Remembrance Sunday falls on 13th of November this year and I want us to think about
Now I’m too young to remember either of the two World Wars, but I do take Remembrance
Sunday very seriously. By the way I do find it disturbing that in my relatively short
life, that I have lived through 3 conflicts; the Falklands Conflict and 2 Gulf Wars.
I may be too young to remember but I have always had a great deal of respect for
those who fought for their nation in either the First or Second World Wars. I am
deeply grateful for the courage and sacrifice made by so many for their country,
for their generation, my generation and for my children’s generation. I am sure that
many of you will feel the same way and may even have fought yourself of known someone
who died. So Remembrance Sunday is a day to remember service personnel and civilians
who fought and gave their lives, it is a day that we must continue to maintain as
a feature of our civil and religious lives.
But, what is peace? Generally, we think
of peace as being the absence of noise, warfare, terrorism; all those sounds and
events that disturb our lives. The absence of these things allows us to carry on
with our lives as normal. Peace is not easily achieved, especially when we think
of all the current conflict in our world or all the noise we are constantly surrounded
by. I know that the only opportunity that I have for any peace and quiet in my life
are when the rest of the family are out of the house and I am at home on my own.
But for many, peace is unobtainable, either peace in terms of the absence of war
and terror, or peace in terms of silence, or peace in terms of the absence of inner
turmoil. How many of us find that when we do have quietness in our homes that it
is then that the inner turmoil of our lives becomes frightening and disturbing? It
is in the silence of the day or night that our inner turmoil comes to the surface.
How many of us leave the Radio or TV on even when we are not paying them any attention?
Often the lonely or bereaved will feel the need to do this just to provide a distraction
or some company.
Yet into this world of violence and inner turmoil, Jesus came to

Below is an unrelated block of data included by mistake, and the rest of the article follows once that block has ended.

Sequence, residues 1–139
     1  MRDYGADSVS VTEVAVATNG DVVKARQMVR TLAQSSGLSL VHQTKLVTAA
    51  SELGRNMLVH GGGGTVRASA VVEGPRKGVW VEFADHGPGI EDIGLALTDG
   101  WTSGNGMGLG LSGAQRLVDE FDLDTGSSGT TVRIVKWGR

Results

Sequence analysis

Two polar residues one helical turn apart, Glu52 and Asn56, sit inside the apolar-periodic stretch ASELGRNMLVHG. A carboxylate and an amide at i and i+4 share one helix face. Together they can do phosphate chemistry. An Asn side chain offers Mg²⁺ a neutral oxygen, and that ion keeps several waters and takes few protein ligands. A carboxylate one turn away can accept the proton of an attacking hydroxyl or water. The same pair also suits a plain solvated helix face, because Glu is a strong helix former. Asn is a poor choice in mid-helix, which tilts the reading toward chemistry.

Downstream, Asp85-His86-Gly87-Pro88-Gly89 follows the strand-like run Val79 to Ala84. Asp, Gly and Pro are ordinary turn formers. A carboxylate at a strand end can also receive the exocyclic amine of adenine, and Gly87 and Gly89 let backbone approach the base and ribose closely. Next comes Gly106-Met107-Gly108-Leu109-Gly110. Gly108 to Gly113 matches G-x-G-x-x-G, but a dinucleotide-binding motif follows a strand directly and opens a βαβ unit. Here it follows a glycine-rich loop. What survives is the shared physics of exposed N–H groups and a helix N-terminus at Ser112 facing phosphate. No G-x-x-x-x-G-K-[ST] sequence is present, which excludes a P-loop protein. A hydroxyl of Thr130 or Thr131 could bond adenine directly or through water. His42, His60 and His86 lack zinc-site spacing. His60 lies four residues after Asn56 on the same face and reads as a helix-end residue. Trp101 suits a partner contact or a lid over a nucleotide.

bring us peace. A radical understanding of peace, which nevertheless is also deeply
disturbing. The peace which Jesus offers us builds upon the Biblical concept of “Shalom”.
This is not so much about the absence of certain factors, not about being empty or
devoid of trouble, but it is rather about the presence of goodwill, the presence
of love, of the encouragement of relationships which build reconciliation and unity,
the presence of a spirituality which leads to harmony. Biblical peace is about the
presence of well-being and of wholeness.
So in Christian terms we can see that peace
is not simply absence, but presence, not simply passive, but active. In the Sermon
on the Mount, Jesus proclaimed the peacemakers as blessed, in so far as they were
not just to be about preventing warfare or stopping fighting, but should have an
active role in promoting reconciliation and the kind of communities of relationship
which build for peace, engender harmony and establish trust.
The peace which Christ
offers us also concerns inner transformation and renewal. This cannot be a simple
wallpapering over of the painful cracks in our lives. That which is wrong, bad or
sinful, must be healed and restored. This process may involve exposing the crack
in our lives, the painful places being laid bare, that which is sick and diseased
being removed and then healed and renewed. It can be a painful process to know the
healing and wholeness which Christ can bring to our lives.
I must offer you a health
warning at this point to all those who dislike going to the dentists. Just think
of something pleasant and happy for the next few moments! A dentist will not just
fill a decayed tooth, first they will drill out the bad and root out the diseased
part. Something which I am sure we all look forward to every time we go to the dentists!
When the dead is removed, a process which can be uncomfortable and even painful,
then the whole can be filled and sealed, replacing the diseased or decayed part of
the tooth with something new.
Finally, then, Christ offers us a peace which can be
painful to achieve and Jesus also calls us as his disciples to be peacemakers ourselves.
I find it ironic, however, that the United States has called a missile “The Peacemaker”.
I’m not saying that we must all join a Greenham Common-esque peace movement, but
that we must be about building up relationships and a spirituality which engenders
peace, not just the absence of war, violence, noise or inner turmoil, but which brings
about the presence of love, harmony, well-being, healing and wholeness. This can
be achieved in and through Jesus Christ.
So may each of us know and experience the
Peace of Christ in out hearts and may we also actively promote the Peace of Christ
in the hearts and lives of people in our communities.
In the Name of Christ our Saviour,